One area where my extra weight didn’t present a major drama was the suspension, which supported me well even though there’s no adjustment available. Most 125s will sink when a heavier rider climbs aboard, but the GSX-R had the backbone to cope.
On track, I lacked the faith to lean much on the narrow Dunlop D102 tyres (80/90 x 17 up front and 130/70 x 17 at the back). A bump just after the apex of a left-hander at Stewart corner also unsettled the bike in one of my early sessions and wrecked my confidence through that turn for the rest of the day.
But track riding is not a natural environment for 125s like this. L-platers aren’t allowed on trackdays and no-one with a full licence and functional grey cells would take a road-going four-stroke 125 onto a full circuit. The Stowe session was about giving a 125 a thrashing and working out what it would be like on the road.
For those who fit on it, I’m convinced it would be a damned good laugh on the road. The naked GSX-S125 was excellent fun on its road launch, suggesting the sportier-looker would be just as enjoyable.
‘The GSX-R has gadgets and gizmos nailed’
When we shared details of the new machine on the Sportsbikeshop Facebook page, some were disappointed that the GSX-R runs conventional forks rather than upside-downers like its key rivals.
Suzuki insisted decisions like this were about keeping both the weight and the price down, with the GSX-R the cheapest of the branded 125s with a launch price of £3999 in ‘basic’ colours or £4099 in the attractive MotoGP replica scheme.
While some may find the spec a little lacking on the fork front, the GSX-R has gadgets and gizmos nailed. The LCD instrument cluster is excellent, crucially including a gear position indicator that will help novice riders no end.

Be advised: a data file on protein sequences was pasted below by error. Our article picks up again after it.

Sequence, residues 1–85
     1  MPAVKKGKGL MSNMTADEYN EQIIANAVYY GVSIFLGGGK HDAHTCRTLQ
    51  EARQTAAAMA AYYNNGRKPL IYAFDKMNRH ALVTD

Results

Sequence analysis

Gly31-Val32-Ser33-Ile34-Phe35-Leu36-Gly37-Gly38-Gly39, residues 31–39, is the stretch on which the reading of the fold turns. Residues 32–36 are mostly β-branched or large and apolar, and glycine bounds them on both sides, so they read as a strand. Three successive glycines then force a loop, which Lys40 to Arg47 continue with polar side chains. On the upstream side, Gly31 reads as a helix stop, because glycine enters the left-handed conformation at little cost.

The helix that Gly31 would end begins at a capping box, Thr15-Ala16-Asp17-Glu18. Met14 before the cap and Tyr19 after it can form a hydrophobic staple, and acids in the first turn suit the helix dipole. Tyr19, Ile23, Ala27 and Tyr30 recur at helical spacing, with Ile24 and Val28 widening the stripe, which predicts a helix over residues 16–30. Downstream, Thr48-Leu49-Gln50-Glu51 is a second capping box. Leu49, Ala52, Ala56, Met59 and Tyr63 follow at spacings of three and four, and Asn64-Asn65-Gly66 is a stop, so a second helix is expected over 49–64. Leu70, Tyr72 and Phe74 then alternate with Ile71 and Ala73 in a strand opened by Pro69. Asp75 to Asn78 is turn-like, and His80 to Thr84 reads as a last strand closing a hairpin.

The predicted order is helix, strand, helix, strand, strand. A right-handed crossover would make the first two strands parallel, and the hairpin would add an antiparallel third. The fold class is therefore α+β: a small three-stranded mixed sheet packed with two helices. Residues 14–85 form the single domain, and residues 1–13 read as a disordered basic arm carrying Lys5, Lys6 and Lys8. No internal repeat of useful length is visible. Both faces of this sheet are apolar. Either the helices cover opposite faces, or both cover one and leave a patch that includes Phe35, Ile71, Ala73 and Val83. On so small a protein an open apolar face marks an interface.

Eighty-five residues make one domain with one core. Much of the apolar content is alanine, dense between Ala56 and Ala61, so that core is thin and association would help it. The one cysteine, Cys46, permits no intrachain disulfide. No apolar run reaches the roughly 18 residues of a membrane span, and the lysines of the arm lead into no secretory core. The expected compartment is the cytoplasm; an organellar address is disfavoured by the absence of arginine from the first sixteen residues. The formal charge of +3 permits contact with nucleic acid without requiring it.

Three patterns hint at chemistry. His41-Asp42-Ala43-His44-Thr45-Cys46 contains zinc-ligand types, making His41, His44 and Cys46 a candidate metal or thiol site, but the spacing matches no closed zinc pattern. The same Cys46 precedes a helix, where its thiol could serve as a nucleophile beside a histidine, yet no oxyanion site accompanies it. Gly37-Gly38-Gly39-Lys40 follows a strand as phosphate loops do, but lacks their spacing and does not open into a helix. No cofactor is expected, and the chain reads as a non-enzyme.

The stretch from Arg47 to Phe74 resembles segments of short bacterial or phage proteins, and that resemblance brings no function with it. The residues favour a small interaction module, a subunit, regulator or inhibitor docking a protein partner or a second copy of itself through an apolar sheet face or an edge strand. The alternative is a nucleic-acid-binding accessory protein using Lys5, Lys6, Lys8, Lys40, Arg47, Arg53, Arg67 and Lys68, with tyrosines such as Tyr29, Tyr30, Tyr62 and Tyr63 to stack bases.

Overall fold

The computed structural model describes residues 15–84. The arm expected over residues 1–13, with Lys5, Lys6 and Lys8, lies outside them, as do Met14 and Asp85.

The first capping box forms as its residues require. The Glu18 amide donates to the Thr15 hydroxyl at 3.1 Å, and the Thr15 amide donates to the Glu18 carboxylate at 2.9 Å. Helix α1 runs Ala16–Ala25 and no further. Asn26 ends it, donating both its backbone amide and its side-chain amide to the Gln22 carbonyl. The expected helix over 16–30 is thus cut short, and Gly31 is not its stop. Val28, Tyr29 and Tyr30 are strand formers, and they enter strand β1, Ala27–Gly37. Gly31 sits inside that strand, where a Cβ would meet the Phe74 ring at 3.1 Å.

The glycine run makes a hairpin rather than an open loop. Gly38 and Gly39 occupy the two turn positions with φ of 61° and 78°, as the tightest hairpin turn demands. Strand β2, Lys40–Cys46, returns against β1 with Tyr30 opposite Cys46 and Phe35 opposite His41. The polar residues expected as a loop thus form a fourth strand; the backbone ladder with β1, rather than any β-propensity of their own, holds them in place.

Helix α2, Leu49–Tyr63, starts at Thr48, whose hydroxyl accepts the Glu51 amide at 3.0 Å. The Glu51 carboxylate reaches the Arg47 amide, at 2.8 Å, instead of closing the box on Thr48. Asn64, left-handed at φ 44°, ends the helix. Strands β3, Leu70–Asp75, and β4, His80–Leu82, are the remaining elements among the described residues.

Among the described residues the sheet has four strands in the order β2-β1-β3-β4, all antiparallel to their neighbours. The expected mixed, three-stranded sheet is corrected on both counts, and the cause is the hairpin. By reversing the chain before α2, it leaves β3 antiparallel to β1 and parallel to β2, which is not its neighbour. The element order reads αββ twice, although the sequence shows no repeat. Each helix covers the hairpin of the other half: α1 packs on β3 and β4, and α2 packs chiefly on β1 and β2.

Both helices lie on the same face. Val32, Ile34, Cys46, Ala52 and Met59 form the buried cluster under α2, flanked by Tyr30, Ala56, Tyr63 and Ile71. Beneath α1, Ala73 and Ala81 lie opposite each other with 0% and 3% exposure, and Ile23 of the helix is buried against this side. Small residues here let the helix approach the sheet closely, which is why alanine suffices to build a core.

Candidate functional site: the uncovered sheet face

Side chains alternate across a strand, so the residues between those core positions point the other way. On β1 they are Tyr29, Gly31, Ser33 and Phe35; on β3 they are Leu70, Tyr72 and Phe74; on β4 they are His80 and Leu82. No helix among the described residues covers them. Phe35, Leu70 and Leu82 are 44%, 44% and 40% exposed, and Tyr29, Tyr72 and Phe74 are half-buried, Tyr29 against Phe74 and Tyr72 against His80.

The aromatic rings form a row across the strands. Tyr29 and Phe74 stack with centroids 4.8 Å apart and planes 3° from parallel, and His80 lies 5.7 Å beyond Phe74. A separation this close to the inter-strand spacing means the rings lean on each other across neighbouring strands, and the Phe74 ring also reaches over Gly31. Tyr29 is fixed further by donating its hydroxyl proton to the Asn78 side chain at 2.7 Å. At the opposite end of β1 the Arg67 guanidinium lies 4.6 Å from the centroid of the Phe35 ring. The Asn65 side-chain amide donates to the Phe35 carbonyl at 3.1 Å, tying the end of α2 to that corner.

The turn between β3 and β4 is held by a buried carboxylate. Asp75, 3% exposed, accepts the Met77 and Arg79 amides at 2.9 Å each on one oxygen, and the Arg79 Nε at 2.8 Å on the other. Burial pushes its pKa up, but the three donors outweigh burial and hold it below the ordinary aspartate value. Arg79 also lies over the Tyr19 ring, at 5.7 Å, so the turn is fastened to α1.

The high-spec Bosch ABS works well, refusing to intrude even when deliberately taunted with a hamfist-full of front brake. It’s good to know that ABS is there if you need it, and not before.
Suzuki has also invested in a keyless ignition system – of the right kind. Some of these set-ups become pointless, but the GSX-R’s works well. The bike will only start when the transponder is within reach, so the rider keeps that in a pocket and the ignition can then be operated on a rotating switch.
Handily, at fuel stops, the switch can be pulled out and the base acts as a key to open the tank cap or get to the small compartment under the seat. It’s the sort of modern trickery that will appeal to a new generation of riders without unduly upsetting traditionalists either.
‘It’ll do 83mpg, even when thrashed’
The GSX-R is probably not aiming for riders who want the ultimate in fuel economy (a lower-revving air-cooled 125 like Suzuki’s Van Van or Yamaha’s YS125 should be better for that).
But the GSX-R125 displayed a creditable 71mpg despite spending a day being thrashed on track, and its sibling GSX-S managed 83mpg on the road, again at thrashing point. It might not be the ultimate in economy, but that’s still very frugal.
By now you should know whether the GSX-R125 is the sort of bike for you. If you’re a small to average-sized rider just embarking on life as a motorcyclist then the new Suzuki is such good fun it should definitely be on your radar.
£3999-£4099 (price correct September 2017)
Engine 124.4cc single-cylinder four-stroke, liquid-cooled DOHC
Bore x stroke 62.0mm x 41.2mm
Compression ratio 11.0:1
Power (claimed) 14.6bhp @ 10,000rpm
Torque 8.48 lb-ft at 8000rpm
Fuel system Fuel injection
Front suspension Telescopic, coil spring, oil damped
Rear suspension Link type, coil spring, oil damped
Tyres 90/80-17 (front), 130/70-17 (rear)
Seat height 785mm
Kerb weight 134kg
Fuel capacity 11 litres
Fuel economy 71mpg (tested)
Further info https://bikes.suzuki.co.uk/bikes/